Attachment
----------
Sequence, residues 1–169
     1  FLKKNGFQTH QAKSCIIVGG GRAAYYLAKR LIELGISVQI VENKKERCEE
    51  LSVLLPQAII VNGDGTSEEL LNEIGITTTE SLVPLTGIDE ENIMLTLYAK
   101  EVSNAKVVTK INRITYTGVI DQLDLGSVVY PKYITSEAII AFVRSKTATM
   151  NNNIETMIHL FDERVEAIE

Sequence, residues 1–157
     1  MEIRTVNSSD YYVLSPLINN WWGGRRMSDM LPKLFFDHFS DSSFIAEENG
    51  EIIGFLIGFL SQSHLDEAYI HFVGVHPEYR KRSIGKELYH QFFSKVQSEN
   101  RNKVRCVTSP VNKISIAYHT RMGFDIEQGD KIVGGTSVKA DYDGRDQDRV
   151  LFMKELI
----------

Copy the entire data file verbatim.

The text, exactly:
Sequence, residues 1–169
     1  FLKKNGFQTH QAKSCIIVGG GRAAYYLAKR LIELGISVQI VENKKERCEE
    51  LSVLLPQAII VNGDGTSEEL LNEIGITTTE SLVPLTGIDE ENIMLTLYAK
   101  EVSNAKVVTK INRITYTGVI DQLDLGSVVY PKYITSEAII AFVRSKTATM
   151  NNNIETMIHL FDERVEAIE

Sequence, residues 1–157
     1  MEIRTVNSSD YYVLSPLINN WWGGRRMSDM LPKLFFDHFS DSSFIAEENG
    51  EIIGFLIGFL SQSHLDEAYI HFVGVHPEYR KRSIGKELYH QFFSKVQSEN
   101  RNKVRCVTSP VNKISIAYHT RMGFDIEQGD KIVGGTSVKA DYDGRDQDRV
   151  LFMKELI